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Skoventyr - Solo Review

Designer: Morten Monrad Pedersen
Artist: Vincent Dutrait
Publisher: inPatience
Player Count: 1 to 4 Players
Play Time: 20 to 45 Minutes

The spirit of the forest will need to move quickly and call to action its closest allies if it is to escape the pursuit of the devil, Gamle Erik. In this review of Skoventyr I overview how to play the excellent solitaire and cooperative card game and laud its tension building and highly thematic gameplay.

Game box with a tree in the center and Skoventyr printed on the title on top of a messy assortment of cards tokens and pawns
Skoventyr box cover and components

Vogter, Gamle Erik, and the Hunt

Skoventyr is a game rooted in Danish folklore and tells the story of the devil Gamle Erik in pursuit of Vogter, the spirit of the forest, manifested as a large badger. Gamle Erik has rallied his minions who must be defeated if Vogter is to escape Erik’s hunt and protect the forest from devastation. Fortunately Vogter has allies too—Trolds, Huldres, Ellefolk and more—fallen angels who players will strategically deploy in the forest over the course of the game.

The rulebook elaborates a bit on the folklore introduced in Skoventyr, offering a thematic backdrop to the gameplay. Sometimes lengthy expositions in games can be distracting from the rules, but Skoventyr’s plot is closely tied to its game mechanics so the aureate descriptions of the narrative and the characters should help to aid players in this forest fairytale. A Lore and Pronunciation Guide even helps to steep players in the world of Gamle Erik and his hunt of Vogter.

tree game cards arranged in a circle with pawns on top and reference cards around the edge.
Solo gameplay setup

Allies and Adversaries: A Forest Shuffle

Primarily a card management game, in Skoventyr players draft, play, and discard cards to use their abilities and take actions. The results of these actions and abilities play out in the forest—the game “board” composed of six oversized tree cards arranged in a circle. Throughout the game, players move the devilishly red, tall Gamle Erik pawn and the badger Vogter pawn around the trees in the forest, representing the relative distance between the two characters. If Gamle Erik ever catches up to Vogter, the game is over and the player has lost. However, the player is victorious if they are able to eliminate all six of Gamle Erik’s minions.

Red and black wooden meeple pawn and six cards with a figure in a red jacket and devil horns.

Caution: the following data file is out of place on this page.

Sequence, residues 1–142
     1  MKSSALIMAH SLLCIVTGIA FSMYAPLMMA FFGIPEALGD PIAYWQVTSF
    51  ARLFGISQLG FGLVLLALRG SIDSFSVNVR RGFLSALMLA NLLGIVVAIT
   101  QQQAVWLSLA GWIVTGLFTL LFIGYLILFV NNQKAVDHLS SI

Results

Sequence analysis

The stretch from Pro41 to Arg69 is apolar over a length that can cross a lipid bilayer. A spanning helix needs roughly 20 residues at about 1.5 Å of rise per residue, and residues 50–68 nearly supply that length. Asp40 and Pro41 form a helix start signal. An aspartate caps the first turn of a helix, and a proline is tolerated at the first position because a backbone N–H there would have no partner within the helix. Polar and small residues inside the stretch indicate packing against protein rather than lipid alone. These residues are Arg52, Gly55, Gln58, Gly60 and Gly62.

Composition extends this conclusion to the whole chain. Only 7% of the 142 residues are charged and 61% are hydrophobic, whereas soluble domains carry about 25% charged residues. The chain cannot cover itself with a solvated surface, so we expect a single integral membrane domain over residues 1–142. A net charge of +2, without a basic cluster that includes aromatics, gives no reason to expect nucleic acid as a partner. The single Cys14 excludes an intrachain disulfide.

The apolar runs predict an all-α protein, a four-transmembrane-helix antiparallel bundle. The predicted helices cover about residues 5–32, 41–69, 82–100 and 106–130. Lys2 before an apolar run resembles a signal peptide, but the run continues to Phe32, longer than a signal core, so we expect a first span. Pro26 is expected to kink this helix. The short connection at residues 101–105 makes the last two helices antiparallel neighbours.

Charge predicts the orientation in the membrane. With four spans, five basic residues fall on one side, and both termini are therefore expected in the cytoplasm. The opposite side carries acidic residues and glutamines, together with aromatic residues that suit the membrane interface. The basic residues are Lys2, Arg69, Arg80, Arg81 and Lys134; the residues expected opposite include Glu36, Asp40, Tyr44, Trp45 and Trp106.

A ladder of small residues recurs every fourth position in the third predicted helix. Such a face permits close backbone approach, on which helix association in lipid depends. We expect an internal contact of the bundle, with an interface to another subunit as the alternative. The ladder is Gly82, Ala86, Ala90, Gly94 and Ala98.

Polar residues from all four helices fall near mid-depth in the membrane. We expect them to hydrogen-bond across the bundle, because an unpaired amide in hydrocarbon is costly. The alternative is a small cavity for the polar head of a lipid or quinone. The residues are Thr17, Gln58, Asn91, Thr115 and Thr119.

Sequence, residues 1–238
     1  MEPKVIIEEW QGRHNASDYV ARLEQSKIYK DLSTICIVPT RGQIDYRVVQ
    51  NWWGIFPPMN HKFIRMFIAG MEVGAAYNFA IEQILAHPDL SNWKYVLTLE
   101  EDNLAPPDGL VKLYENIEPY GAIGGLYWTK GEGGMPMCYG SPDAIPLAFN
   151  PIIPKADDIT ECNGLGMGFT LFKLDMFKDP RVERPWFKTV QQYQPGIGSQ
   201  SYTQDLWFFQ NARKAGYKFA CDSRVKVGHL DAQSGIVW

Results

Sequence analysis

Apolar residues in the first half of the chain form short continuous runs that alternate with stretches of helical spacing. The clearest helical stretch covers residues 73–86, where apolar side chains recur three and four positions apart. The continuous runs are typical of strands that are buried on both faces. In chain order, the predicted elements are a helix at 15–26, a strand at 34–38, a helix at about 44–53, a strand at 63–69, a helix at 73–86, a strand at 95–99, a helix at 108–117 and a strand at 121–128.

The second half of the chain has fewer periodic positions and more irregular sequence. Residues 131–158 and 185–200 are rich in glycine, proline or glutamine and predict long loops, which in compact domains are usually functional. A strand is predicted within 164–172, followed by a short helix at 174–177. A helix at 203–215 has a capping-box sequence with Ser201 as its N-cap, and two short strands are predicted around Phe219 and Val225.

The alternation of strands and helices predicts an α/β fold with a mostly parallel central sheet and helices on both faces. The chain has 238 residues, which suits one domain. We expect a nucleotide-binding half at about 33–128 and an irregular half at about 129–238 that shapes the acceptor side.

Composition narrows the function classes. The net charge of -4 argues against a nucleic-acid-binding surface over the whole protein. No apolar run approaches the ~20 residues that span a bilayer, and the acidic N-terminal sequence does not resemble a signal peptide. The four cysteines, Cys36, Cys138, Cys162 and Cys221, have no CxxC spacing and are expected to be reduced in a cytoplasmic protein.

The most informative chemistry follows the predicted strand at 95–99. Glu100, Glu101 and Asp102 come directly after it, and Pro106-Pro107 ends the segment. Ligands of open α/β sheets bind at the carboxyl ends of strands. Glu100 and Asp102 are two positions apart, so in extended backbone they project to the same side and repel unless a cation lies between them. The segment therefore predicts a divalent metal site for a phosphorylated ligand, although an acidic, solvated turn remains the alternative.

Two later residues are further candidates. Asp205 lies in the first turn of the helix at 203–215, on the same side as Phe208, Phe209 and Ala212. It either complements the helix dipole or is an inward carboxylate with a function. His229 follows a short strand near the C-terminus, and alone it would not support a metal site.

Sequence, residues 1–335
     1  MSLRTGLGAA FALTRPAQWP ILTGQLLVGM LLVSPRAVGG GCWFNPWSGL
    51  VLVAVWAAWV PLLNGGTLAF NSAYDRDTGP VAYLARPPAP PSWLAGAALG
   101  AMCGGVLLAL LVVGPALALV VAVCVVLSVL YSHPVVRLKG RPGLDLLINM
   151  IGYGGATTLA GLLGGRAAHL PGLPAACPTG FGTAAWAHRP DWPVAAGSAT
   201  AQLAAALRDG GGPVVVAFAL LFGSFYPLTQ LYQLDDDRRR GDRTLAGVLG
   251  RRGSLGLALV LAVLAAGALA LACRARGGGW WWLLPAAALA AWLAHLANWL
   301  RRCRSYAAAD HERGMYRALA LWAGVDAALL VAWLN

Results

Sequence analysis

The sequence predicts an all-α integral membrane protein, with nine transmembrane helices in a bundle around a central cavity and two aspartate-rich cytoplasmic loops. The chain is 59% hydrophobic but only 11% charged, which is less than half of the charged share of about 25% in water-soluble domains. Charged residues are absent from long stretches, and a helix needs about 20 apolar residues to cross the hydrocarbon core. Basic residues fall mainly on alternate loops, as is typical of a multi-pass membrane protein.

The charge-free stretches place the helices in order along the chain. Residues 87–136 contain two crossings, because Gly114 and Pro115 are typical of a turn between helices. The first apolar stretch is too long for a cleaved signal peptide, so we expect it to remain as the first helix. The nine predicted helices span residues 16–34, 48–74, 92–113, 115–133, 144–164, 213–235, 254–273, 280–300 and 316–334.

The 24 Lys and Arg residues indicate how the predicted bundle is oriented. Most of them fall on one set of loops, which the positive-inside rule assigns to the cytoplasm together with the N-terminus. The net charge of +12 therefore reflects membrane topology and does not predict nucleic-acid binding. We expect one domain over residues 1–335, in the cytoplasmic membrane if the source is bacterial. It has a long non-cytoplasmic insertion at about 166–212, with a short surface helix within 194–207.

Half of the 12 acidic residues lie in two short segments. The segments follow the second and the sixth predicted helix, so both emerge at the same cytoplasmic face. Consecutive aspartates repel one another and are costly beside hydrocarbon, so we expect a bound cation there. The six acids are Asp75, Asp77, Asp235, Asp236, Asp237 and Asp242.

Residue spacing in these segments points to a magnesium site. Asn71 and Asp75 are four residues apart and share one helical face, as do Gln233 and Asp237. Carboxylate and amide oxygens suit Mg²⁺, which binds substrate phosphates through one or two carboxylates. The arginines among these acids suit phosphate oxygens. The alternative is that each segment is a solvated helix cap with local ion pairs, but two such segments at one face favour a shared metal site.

Gamle Erik pawn and adversary cards

The main deck of cards is comprised of allies (those loyal to Vogter) and adversaries (those loyal to Gamle Erik) and these are manipulated between several zones:

  • The Deck contains 25 allies of 5 different types and 13 adversaries and is reshuffled after a minion has been eliminated.

  • The Future is made up of three face-up cards from which the player drafts cards into their hand. There must always be three cards in the Future and it is replenished from the top of the deck.

  • The Player’s Hand may hold a maximum of five cards. Allies in hand can be discarded for their unique ability or played to the forest.

  • Allies can also be played to the Forest, where they will be used to eliminate Gamle Erik’s minions.

  • Allies that have served their purpose (used for their ability or used to eliminate a minion) are moved to the Discard Pile.

  • Some card abilities and actions will instruct the player to move cards to the Bottom of the Deck.

Tree cards with text cards on top and a black and white badger pawn
Vogter pawn and action reference cards (including two from the optional micro expansions)

On their turn, players can take one of the following actions and resolve it completely before the next player can take an action.

  • Vogter’s Call - the player drafts one of the three faceup cards in the Future into their hand. Every card, even Allies, have some kind of penalty, or cost for taking the card. Players can alternatively ignore the cost and take a risk draw, revealing the next card from the top of the deck; if it’s an ally, they are safe, but if it’s an adversary, Gamle Erik moves closer. Outright drafting an adversary card also advances Gamle Erik.

  • Vogter’s Gambit - the player can refresh the Future, placing any of the three faceup cards on the bottom of the deck and replenishing it with three cards from the deck. However, this action damages a tree in the forest. Damage too many trees and the forest will shrink, resulting in fewer spaces for Vogter to evade Gamle Erik.